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Six Signs Your Financial Services Firm May Be Anti-Innovation

Want to be on the forefront of the future of financial advice? Make sure your firm is not doing these.
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By Nick Richtsmeier

The digitization of financial services is upon us and with it comes an opportunity to grow—not just in our use of technology, but also in the way we serve clients. In this age of hybrid financial advice, where clients wish to experience the same autonomy they have on Amazon with the customized advice they get from their therapist, we have a lot of growing to do in the industry to meet these demands. Innovation is the key and technology is just a piece of the puzzle.

If you find yourself wanting to be on the forefront of the next wave of opportunity as a financial advisor and are in search of new power tools to serve your clients, you’d best be on the lookout for these anti-innovation signs inside your four walls. How many do you recognize?

  1. Paper Is King. Still see stacks of paper files everywhere? Don’t have the ability to have clients sign account applications using industry-standard protocols like DocuSign? Does the highest-paid guy in the office still do everything on a legal pad? This may be signs of an anti-innovation culture. There’s nothing wrong with a sturdy pad of paper (I carry one with me always), but client communication should be fast, easy and searchable. Paper, when used, should be short-lived and quickly scanned and destroyed. Eliminating clutter in financial services is essential for good decision making and fiduciary-style advice.
  2. Everything Is Proprietary. Let’s just say this: unless you work for Google or Apple, it’s highly unlikely that your firm is staffed with endless teams of coders and innovators. Firms that require you to only use proprietary systems that don’t integrate with some of the best Software-as-a-Service suppliers out there (think Salesforce, Orion, DocuPace, Yodle) are probably using archaic technology. Great firms are bringing these services together into single sign-on environments where data can be found in one place, though it’s accessed through a variety of different best-in-class providers.
  3. By the Gut. We’ve all worked at that firm where a few big personalities make every decision on gut feeling, particularly in the hiring department. Innovative firms know that they need fresh ideas, which means they need to go looking for unfamiliar talent. Usually our guts like what’s already familiar. Innovative hiring and culture-making requires unbiased tools that put our guts in check, and force hiring managers to see things they would normally miss.
  4. All the Old Stories. If you listen carefully at the office happy hour, you can hear innovation-killers everywhere. If every time the group gets together it’s a rehashing of the good old days, if new staff members are expected to sit in silence while the old dogs relive the past, you probably aren’t thinking forward. Nostalgia is great at family dinners and with old friends, but as a regular meal in corporate settings it can be a killer. When’s the last time a new hire told a great story about the changes they wanted to see in the future at your firm? And when was the last time that story was met with a welcome reception by the guys (unfortunately, usually guys) with VP in their titles? That gets me to No. 5.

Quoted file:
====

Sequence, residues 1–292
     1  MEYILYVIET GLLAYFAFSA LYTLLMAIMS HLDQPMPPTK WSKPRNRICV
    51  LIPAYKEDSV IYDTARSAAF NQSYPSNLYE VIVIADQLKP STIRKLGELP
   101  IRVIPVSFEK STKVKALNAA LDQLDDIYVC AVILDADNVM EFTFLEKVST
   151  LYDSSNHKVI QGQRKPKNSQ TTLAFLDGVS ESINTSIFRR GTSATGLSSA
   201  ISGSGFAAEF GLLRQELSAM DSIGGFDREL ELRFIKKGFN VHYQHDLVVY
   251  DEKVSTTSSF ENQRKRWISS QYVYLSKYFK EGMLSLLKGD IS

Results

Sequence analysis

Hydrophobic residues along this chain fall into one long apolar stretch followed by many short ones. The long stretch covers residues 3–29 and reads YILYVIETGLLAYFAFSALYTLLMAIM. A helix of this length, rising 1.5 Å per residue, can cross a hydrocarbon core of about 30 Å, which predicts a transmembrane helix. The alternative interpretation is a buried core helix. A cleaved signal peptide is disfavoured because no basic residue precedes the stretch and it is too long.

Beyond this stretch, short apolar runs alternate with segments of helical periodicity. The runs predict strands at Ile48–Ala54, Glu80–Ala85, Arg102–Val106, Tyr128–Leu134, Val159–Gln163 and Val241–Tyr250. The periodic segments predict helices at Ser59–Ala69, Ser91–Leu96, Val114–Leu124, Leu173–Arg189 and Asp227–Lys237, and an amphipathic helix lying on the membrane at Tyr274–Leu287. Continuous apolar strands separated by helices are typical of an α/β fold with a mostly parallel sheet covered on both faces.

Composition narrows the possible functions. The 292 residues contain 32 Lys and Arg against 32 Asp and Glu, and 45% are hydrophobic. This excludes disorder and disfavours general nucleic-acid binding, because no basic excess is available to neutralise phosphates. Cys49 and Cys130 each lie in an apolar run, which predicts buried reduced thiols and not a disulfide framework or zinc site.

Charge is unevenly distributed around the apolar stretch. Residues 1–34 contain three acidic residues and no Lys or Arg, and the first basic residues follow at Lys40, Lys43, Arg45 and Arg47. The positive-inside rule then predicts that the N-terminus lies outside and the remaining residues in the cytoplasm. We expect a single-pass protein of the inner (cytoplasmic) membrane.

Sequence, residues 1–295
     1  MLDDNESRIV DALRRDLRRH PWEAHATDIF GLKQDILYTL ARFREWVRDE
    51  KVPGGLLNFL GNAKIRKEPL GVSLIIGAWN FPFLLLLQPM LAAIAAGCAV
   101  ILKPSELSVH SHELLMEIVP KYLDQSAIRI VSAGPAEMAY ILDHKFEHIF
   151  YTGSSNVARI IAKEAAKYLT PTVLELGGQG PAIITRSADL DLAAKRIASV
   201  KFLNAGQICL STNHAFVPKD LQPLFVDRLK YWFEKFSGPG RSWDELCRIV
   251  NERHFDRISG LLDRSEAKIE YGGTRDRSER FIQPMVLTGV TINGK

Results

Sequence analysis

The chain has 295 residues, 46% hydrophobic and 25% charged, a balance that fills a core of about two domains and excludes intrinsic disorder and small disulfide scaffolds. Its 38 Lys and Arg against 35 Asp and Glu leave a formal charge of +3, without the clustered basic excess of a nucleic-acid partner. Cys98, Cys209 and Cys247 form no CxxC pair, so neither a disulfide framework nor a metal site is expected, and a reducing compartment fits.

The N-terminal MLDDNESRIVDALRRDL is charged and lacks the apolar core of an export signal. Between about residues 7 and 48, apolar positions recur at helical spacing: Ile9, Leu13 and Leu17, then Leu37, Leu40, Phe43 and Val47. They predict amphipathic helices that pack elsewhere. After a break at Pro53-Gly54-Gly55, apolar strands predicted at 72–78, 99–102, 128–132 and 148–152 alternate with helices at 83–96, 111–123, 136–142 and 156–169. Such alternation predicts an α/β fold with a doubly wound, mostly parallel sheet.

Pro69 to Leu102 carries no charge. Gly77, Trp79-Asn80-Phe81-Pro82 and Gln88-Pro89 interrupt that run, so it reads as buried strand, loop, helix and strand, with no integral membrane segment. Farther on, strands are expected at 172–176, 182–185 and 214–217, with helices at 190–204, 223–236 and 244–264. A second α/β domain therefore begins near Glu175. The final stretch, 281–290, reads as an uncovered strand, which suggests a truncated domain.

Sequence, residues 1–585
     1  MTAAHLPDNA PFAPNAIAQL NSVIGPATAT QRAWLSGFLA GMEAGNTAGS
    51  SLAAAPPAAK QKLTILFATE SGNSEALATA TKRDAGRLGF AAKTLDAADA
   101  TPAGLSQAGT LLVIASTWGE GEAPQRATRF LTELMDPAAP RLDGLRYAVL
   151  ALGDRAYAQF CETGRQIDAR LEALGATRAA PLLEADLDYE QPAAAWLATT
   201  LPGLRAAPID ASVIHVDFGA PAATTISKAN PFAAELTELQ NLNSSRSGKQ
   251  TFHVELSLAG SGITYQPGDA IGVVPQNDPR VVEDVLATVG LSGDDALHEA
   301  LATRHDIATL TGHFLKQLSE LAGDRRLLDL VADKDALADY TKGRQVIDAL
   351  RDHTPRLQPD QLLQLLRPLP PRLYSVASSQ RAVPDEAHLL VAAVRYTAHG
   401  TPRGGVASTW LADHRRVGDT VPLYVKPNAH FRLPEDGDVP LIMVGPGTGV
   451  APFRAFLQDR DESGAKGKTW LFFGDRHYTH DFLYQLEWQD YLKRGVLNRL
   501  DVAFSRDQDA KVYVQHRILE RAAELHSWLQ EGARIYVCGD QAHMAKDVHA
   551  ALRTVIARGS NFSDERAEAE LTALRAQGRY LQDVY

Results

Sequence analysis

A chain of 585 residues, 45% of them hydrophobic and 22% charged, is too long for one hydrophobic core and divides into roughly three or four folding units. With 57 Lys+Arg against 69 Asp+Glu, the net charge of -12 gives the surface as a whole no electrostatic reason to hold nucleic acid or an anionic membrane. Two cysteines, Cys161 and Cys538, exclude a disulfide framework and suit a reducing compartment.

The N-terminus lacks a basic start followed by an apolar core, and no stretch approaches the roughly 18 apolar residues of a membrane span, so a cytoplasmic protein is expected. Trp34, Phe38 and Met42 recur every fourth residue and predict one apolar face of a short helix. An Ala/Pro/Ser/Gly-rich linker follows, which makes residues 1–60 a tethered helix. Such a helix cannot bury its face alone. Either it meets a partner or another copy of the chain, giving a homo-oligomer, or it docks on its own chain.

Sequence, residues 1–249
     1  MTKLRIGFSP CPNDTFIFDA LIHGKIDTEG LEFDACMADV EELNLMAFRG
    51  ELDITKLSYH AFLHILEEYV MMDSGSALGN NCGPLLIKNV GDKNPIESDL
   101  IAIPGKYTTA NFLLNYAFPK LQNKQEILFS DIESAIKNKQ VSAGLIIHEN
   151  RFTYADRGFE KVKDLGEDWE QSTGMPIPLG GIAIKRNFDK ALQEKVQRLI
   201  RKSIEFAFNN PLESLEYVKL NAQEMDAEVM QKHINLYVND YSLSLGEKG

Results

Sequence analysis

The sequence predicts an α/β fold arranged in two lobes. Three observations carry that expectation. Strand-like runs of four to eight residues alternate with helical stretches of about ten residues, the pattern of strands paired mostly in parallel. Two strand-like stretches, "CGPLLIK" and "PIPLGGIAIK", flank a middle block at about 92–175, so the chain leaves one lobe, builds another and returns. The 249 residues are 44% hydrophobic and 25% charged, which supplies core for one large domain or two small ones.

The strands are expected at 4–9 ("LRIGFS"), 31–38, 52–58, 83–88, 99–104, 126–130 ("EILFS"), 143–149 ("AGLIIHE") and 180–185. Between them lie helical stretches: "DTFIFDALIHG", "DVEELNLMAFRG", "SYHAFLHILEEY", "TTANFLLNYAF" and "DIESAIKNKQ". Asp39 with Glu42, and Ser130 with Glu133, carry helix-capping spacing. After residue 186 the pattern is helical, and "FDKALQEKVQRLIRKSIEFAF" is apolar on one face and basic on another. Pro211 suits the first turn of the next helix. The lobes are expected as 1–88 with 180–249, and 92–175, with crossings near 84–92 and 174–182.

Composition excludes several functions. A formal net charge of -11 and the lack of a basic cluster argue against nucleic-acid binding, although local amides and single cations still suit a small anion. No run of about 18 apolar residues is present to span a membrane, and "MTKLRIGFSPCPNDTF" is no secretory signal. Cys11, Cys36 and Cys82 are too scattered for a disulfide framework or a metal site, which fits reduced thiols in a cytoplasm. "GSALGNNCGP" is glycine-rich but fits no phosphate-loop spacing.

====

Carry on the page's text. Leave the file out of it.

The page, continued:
5. Where Are the Women? We all know the unfortunate reputation of financial services as being a boys’ club. And the reputation is well-deserved. My friend Adam Hawk, who successfully coaches finserv executives, was once coaching a leader on improving the culture for women in his firm by instituting training and growth opportunities specifically aimed at female advisors and their unique goals and needs. The leader responded as so many would, “Shouldn’t we train everybody?” Adam replied, gently, “You have one of 16 managers who are female and one of 11 partners who are women, do you really think men need help getting ahead in this company?” I know a lot of us dudes don’t want to talk about this, but it matters. Some of the best and most innovative ideas in our industry are coming from women who see the needs of clients differently than us guys who’ve done it the same old way.  
  6. All or Nothing. This one’s a little counter-intuitive so bear with me. A lot of financial services companies are trying to roll out new technologies and show off their investments in innovation. This seems like a good thing. But how new ideas get rolled out matters, and I’ve learned this one the hard way. Companies that force new tech, new processes, new tools onto their advisor teams all at once kill adoption. In the end, each innovation ends up on the barely used pile, because advisors weren’t part of the process, there wasn’t a beta test to work out the kinks, and speed was prioritized over ease of adoption. In the end, new ideas only matter if they are used as intended, and one of the fastest ways to make your company allergic to the new is to force it down their throats.

I know these six signs so well because I’ve lived them. I know what it’s like to work in environments like the above, and I also know what it’s like to work through these issues. Find partners across your firm who want to make things better the slow and smart way. And if you can’t find partners, maybe—just maybe—it’s time to find a more innovation-friendly firm.

 

Nick Richtsmeier is chief innovation officer at Trilogy Financial and chief operating officer of its independent Registered Investment Advisor, Trilogy Capital. Richtsmeier, based in Denver, can be reached at [email protected] or (303) 583-6069.

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